By: Lindsay Sullivan
It was a bright and sunny day and I had a sudden burst of energy that I wanted to take advantage of. I slipped on my running shoes and headed to my favorite park for an outdoor run. I had a moment of time off in the middle of the day so after my run, I grabbed my blanket out of my car (pro-tip, ALWAYS keep a blanket handy for those spontaneous picnics and outdoor naps!) and my current read to sprawl out on a patch of grass to soak up some free vitamin D. In the corner of my eye I saw a father and daughter walking along the path across the way,
“Daddy, why is that girl laying there?” The daughter curiously asked.
“She’s taking a break because she wants to,” her dad politely responded.
He was half-right. I was taking a break because I had grown to a point where I recognized that I needed to.
Self-care. When I think of the buzzword as of recent, it often comes off as a selfish, shallow act to put yourself first and “treat-yo-self” because “you deserve it.” Lather on the face mask, kick back and relax and binge-watch that Netflix series because “you need a break.”
Pop culture has diluted self-care to mindless and meaningless activities. Not that there’s anything wrong with Netflix, face-masks or relaxing - all 3 of which serve very important purposes (thank you Netflix and my fave charcoal face mask for existing!!) but self-care goes deeper than just “taking a break.” Self-care is much more than self-soothing.
Self-care is any activity that supports our health - mind, body and spirit. What brings you joy? What fills your bucket? What gives you those bright and vibrant bursts of energy? What makes you come alive? Some days maybe that’s painting or journaling. Maybe it’s catching up with a friend over coffee. Some days it’s staying home instead and taking the extra time to cook a meal and take a nap. It can, and most likely does, look different day to day.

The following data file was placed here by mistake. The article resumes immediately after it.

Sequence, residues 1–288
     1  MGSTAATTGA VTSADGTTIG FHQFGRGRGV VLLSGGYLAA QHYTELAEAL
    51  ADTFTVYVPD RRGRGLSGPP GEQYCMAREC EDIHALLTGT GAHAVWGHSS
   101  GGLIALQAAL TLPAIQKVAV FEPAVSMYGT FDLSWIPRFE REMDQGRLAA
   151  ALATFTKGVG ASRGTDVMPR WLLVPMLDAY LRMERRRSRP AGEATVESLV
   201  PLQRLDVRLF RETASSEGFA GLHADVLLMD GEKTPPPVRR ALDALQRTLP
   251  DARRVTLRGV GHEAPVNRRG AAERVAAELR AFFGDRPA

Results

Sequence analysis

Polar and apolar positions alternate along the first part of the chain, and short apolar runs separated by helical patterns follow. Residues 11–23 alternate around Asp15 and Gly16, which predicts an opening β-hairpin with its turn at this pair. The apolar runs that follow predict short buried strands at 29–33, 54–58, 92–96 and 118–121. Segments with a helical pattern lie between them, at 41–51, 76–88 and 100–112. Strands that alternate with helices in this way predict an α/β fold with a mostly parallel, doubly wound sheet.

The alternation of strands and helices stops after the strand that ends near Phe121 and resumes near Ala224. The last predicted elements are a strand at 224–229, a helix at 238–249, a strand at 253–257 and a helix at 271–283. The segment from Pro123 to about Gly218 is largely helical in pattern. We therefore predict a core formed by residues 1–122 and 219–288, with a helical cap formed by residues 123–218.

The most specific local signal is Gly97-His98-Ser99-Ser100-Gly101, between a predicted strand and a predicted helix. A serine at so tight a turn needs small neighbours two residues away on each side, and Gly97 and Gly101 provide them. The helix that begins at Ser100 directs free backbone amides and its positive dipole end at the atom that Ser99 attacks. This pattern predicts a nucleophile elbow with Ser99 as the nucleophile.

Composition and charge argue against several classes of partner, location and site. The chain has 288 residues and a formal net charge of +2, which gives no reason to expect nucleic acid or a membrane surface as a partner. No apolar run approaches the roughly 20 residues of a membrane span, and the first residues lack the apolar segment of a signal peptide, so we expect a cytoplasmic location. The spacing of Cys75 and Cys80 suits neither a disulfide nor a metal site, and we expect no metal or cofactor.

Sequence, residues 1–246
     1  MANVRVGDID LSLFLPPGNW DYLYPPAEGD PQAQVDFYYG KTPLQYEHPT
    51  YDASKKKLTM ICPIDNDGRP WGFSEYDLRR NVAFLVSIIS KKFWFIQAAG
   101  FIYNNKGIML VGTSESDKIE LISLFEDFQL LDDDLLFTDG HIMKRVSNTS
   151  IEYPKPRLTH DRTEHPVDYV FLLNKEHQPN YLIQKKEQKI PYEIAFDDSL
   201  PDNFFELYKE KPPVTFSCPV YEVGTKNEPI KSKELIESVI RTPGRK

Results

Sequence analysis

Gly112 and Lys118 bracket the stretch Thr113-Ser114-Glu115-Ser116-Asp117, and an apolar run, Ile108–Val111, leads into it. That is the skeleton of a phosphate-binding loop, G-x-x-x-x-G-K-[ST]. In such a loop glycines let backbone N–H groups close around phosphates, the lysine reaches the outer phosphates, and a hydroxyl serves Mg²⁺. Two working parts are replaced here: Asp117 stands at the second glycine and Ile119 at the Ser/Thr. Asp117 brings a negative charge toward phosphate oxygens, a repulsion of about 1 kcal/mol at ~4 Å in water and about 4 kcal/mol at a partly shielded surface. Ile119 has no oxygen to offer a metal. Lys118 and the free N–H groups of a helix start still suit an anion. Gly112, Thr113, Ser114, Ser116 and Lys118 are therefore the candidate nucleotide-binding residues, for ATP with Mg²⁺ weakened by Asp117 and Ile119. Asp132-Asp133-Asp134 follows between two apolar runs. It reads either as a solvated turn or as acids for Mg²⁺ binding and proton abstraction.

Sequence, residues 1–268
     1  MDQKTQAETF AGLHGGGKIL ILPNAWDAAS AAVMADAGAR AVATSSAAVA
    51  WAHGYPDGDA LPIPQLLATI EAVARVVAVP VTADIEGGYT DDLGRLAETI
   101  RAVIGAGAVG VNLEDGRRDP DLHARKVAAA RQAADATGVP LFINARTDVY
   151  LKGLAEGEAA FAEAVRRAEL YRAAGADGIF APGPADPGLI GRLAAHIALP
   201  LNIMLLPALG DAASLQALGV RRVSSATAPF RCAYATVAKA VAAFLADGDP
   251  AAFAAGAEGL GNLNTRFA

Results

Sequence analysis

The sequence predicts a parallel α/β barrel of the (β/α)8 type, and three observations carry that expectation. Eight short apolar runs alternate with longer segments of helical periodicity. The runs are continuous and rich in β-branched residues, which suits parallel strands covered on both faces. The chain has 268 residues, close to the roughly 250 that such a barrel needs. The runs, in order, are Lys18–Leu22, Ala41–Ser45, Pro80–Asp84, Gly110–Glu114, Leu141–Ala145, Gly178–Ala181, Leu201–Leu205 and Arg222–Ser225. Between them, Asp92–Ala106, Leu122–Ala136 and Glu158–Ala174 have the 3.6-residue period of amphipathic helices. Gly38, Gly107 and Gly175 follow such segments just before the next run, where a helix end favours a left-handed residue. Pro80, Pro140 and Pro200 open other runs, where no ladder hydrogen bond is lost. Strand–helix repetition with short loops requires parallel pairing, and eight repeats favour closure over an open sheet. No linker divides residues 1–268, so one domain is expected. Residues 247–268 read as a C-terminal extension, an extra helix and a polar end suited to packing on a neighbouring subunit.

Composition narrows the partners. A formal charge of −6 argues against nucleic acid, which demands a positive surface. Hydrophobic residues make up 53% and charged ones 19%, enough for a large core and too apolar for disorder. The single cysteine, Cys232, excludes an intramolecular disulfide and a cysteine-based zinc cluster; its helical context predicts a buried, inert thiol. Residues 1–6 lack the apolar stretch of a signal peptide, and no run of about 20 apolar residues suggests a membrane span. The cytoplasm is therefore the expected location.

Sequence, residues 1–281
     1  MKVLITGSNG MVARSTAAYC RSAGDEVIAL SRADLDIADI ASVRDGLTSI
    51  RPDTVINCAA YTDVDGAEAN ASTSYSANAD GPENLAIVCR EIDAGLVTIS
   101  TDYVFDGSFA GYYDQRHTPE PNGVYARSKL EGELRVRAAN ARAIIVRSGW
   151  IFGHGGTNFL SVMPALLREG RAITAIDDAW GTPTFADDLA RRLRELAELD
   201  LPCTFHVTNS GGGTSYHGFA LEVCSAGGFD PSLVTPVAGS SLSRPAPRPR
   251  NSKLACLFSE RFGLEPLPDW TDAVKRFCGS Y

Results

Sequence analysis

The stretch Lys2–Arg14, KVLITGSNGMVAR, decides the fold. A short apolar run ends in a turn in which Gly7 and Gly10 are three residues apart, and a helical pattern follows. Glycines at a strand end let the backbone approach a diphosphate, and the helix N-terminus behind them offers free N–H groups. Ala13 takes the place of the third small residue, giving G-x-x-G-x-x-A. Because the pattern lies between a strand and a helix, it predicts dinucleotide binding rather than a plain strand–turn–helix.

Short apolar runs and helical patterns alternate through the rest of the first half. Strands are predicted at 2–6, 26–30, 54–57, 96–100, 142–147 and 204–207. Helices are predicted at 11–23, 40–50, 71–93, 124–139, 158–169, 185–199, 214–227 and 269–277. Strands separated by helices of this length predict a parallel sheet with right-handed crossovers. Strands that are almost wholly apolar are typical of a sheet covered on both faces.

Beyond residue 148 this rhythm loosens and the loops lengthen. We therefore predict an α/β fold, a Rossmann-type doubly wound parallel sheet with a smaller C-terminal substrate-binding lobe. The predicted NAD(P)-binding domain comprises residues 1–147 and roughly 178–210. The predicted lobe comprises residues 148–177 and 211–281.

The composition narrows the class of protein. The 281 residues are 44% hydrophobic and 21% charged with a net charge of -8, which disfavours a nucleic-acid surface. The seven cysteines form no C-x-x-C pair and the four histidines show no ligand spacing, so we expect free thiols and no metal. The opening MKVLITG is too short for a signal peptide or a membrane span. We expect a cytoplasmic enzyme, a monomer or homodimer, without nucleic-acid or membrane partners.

Self-care encompasses how we parent ourselves. It isn’t always pretty, it’s sometimes hard and definitely requires discipline, but it is fundamental in order to create a strong foundation for our busy lives.
Growing up in church, I always assumed that serving others was most important, and taking time for myself was selfish. It sounds ridiculous on paper, but the moments I took to myself were filled with anxiety and thoughts of guilt or shame. I had always assumed that in order to “love my neighbor” I had to consistently give of myself.
But I never understood the full context of this command:
Matthew 22: 37-39 “And he said to him, “You shall love the Lord your God with all your heart and with all your soul and with all your mind. This is the great and first commandment. And a second is like it: You shall love your neighbor as yourself.”
When we take care of ourselves, we have the capacity to take care of others. As I look to Christ in scripture, yes - He was constantly involved in ministry. But it’s also noted that He spent 40 days in the desert in solitude and went off to pray by himself frequently as well. He did both, resting in solitude with the Father and giving of Himself in ministry.
One of my favorite authors, John Mark Comer writes in his book “Garden City”
“Work and rest live in a symbiotic relationship. If you don’t learn how to rest well, you will never learn how to work well (and vice versa). After all, the opposite of work isn’t rest- it’s sleep. Work and rest are friends, not enemies. They are a bride and groom who come together to make a full, well-rounded life.”
So ask yourself, “What can I do to take the best care of myself right now?”